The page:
Today I bought one of these:
Fifteen inches of neoprene-covered pain-inducing misery. I bought it at the local sports shop and it came with three pressure balls, a poster and a DVD (humorously titled ‘This is How we Roll’).
Why? ITBS. Illiotibial Band Syndrome. If you have to ask what this is, count your blessings.
Several months ago I posted about a knee injury I sustained while doing one of the workouts from The New Rules of Lifting for Abs. Note that I am not implying that this workout is to blame for my injury; I love the book and it’s workouts. Perhaps that day, I loved it a bit too much.
In retrospect, I was lifting too heavy (increasing my load by more than 10% of the previous workout’s load; definitely a no-no). Not sure why, other than some days I feel stronger than I actually am and tend to push myself a bit too hard in the gym (there are worse things, I suppose).
I failed to stabilize my left knee during the up phase of a bench step up. The knee veered inwards; I immediately got down from the step and hobbled towards an ice pack.
Fast forward a month or two. The knee seems to have recovered well. I feel no pain during step class or on the spinning bike. My strength workouts have resumed (although I have not re-introduced step ups to my training; still a little gun shy) and I’m feeling great (note to self, pain and injury are always preceded by a feeling of invincibility…).
I introduce single leg squats to a client and with the second demonstrated rep, feel my left knee give way again. Same inward movement, same lateral pain. Clearly, my recovery was not complete.
This time around I decided to see a physiotherapist right away (well, right after Googling ‘knee pain’ and reading a whole bunch of articles that terrified me into thinking I might never be able to exercise again; don’t ever turn to Google with your health concerns). Might as well find out what kind of injury I’m looking at and get some suggestions as to how to rehab it (other than rest and time, which clearly didn’t work!).
After some questions about the location of the pain (outside edge of knee), the circumstances in which I feel it (during lunges, walking downstairs), a few basic range of motion tests and comparisons between my left and right sides (left side weaker during squats), my physiotherapist diagnosed me with IT band syndrome. Otherwise known as Runner’s Knee.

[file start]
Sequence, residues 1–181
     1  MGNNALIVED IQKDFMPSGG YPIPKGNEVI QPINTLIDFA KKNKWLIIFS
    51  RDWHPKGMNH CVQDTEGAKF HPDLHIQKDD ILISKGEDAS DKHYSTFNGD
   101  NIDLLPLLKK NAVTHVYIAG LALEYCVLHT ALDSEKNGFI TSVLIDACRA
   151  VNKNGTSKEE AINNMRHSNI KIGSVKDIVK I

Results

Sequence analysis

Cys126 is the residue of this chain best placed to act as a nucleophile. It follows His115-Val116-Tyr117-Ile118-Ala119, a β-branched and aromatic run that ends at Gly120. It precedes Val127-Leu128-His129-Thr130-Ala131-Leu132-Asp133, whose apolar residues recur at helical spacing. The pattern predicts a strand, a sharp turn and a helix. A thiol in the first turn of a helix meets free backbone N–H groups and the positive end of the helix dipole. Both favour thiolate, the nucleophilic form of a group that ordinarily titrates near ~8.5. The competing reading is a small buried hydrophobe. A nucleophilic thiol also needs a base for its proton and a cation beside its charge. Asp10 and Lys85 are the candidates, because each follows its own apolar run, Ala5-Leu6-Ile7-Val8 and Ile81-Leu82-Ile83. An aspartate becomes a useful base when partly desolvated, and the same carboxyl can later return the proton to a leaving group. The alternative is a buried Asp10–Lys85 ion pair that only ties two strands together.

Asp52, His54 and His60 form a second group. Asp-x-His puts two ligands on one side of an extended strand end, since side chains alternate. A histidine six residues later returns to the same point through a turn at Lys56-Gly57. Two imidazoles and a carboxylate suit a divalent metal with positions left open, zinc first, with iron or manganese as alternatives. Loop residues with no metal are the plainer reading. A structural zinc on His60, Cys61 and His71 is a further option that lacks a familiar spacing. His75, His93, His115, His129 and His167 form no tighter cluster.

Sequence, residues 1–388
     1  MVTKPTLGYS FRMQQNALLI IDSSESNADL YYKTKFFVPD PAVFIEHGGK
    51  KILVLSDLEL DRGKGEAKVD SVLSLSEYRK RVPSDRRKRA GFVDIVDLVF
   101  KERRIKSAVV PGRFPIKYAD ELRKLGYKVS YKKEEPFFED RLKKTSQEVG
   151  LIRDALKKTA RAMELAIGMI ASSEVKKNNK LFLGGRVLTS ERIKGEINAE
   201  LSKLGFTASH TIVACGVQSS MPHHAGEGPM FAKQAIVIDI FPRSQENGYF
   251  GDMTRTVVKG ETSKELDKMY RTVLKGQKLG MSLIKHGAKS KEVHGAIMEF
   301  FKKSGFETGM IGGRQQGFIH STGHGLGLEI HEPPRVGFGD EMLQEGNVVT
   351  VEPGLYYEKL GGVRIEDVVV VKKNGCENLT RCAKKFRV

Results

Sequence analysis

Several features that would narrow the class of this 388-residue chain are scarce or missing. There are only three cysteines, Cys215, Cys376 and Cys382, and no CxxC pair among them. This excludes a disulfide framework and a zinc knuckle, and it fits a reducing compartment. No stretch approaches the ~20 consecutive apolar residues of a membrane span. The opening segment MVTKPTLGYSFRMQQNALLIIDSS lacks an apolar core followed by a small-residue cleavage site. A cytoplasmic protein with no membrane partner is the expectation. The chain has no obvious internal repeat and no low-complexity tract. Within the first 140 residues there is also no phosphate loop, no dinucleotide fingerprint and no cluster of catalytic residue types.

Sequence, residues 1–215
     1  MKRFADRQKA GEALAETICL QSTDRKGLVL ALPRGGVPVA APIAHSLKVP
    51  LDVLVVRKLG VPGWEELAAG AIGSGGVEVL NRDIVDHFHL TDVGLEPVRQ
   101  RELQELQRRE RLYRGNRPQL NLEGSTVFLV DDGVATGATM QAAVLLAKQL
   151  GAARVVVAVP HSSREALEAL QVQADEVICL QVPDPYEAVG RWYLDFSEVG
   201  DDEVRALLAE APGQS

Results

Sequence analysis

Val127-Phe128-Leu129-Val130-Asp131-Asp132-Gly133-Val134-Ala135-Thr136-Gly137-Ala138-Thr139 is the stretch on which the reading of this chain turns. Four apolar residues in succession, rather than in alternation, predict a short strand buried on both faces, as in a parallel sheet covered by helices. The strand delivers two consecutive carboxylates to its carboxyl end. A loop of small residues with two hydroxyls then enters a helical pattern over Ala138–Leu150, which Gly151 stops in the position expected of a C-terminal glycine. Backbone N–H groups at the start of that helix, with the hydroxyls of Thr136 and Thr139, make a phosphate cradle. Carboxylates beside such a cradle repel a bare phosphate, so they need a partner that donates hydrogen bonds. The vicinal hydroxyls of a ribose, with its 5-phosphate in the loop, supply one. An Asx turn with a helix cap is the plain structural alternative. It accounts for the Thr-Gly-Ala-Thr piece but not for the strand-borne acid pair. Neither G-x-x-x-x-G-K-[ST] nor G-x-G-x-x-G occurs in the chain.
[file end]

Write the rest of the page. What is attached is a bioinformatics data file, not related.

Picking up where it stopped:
Paradoxically, I don’t run. I walk, jump, spin and step, but I’m not a runner. How could this be?
While running is the most common way of incurring ITBS, it also happens when athletes progress too quickly in their training (in other words, try to do more or lift heavier than their body is ready for) and cannot properly stabilize their knee under load.
The IT band is a strong, thick band of fibrous tissue that runs along the outside of the leg. It starts at the hip and runs along the outer thigh and attaches on the outside edge of the shin bone (tibia) just below the knee joint. The band works with the quadriceps (thigh muscles) to provide stability to the outside of the knee joint during movement. IT band syndrome is typically caused by inflammation of the IT band, which in turn, can be caused by muscle tightness or lack of flexibility in the gluteals (buttocks) or quadriceps (thigh).
Tight butt. This is all sounding familiar. Several years ago I went to physio to help resolve some lower back pain. Diagnosis? Tight gluteals and hamstrings. Rx? Stretch ‘em and strengthen my core.
This time round I’ve been advised to step up my glute stretching (including some good old tennis ball rolling; place a tennis or pressure ball between the tight spot on your butt cheek and the wall, draw circles with your butt while pressing into the ball. Ouch!), start foam rolling my IT band to loosen up the fascia (YouTube link) and strengthen the lower quadriceps with single leg half squats.
You’ve probably seen people foam rolling at the gym. It’s one of several techniques referred to as myofascial release. Typically, you lay over top of the roller (which is really just a high density ‘pool noodle’), and use your body weight to administer just the right amount of pressure to the affected body part. Rolling back and forth stimulates relaxation of tight muscles (myo) and connective tissue (fascia) and allowing the antagonistic (or opposing) muscle to properly activate.
The squats aren’t so bad, it’s the myofascial release that’s the killer.
As I roll, I can’t decide whether to swear or cry. It hurts that much.
My physiotherapist says to foam roll both sides once or twice a day until rolling on the injured side only hurts as much as rolling on the uninjured side (both sides hurt like hell, but the right side is a paler shade of hell than the left). It might take a week. It might take a month. The point is to be consistent and persistent in the treatment.
Although we have foam rollers at my gym, I don’t get there every day. So I bought my own self-administered torture device. Looking forward (not) to spending a few minutes with it morning, noon and night for the foreseeable future.
Anticipating the day when using it is just painful, not all out agony.